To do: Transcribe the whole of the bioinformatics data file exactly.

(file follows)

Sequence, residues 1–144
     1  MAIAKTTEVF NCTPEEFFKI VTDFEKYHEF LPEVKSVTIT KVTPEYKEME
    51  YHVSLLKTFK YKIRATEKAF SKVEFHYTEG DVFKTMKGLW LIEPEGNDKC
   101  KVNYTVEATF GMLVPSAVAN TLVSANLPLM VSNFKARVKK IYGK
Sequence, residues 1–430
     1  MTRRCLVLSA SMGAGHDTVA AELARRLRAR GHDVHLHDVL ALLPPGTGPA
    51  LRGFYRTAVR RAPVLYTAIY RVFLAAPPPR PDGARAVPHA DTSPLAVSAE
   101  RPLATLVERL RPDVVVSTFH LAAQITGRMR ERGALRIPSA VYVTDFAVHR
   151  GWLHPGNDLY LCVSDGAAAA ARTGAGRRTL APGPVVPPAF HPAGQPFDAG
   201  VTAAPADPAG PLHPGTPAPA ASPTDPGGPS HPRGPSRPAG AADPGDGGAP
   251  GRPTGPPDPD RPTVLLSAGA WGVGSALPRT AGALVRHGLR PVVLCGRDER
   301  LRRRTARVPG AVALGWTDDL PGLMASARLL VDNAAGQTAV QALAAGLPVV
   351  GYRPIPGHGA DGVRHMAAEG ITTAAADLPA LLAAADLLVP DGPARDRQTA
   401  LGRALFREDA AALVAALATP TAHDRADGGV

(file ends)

Sequence, residues 1–144
     1  MAIAKTTEVF NCTPEEFFKI VTDFEKYHEF LPEVKSVTIT KVTPEYKEME
    51  YHVSLLKTFK YKIRATEKAF SKVEFHYTEG DVFKTMKGLW LIEPEGNDKC
   101  KVNYTVEATF GMLVPSAVAN TLVSANLPLM VSNFKARVKK IYGK
Sequence, residues 1–430
     1  MTRRCLVLSA SMGAGHDTVA AELARRLRAR GHDVHLHDVL ALLPPGTGPA
    51  LRGFYRTAVR RAPVLYTAIY RVFLAAPPPR PDGARAVPHA DTSPLAVSAE
   101  RPLATLVERL RPDVVVSTFH LAAQITGRMR ERGALRIPSA VYVTDFAVHR
   151  GWLHPGNDLY LCVSDGAAAA ARTGAGRRTL APGPVVPPAF HPAGQPFDAG
   201  VTAAPADPAG PLHPGTPAPA ASPTDPGGPS HPRGPSRPAG AADPGDGGAP
   251  GRPTGPPDPD RPTVLLSAGA WGVGSALPRT AGALVRHGLR PVVLCGRDER
   301  LRRRTARVPG AVALGWTDDL PGLMASARLL VDNAAGQTAV QALAAGLPVV
   351  GYRPIPGHGA DGVRHMAAEG ITTAAADLPA LLAAADLLVP DGPARDRQTA
   401  LGRALFREDA AALVAALATP TAHDRADGGV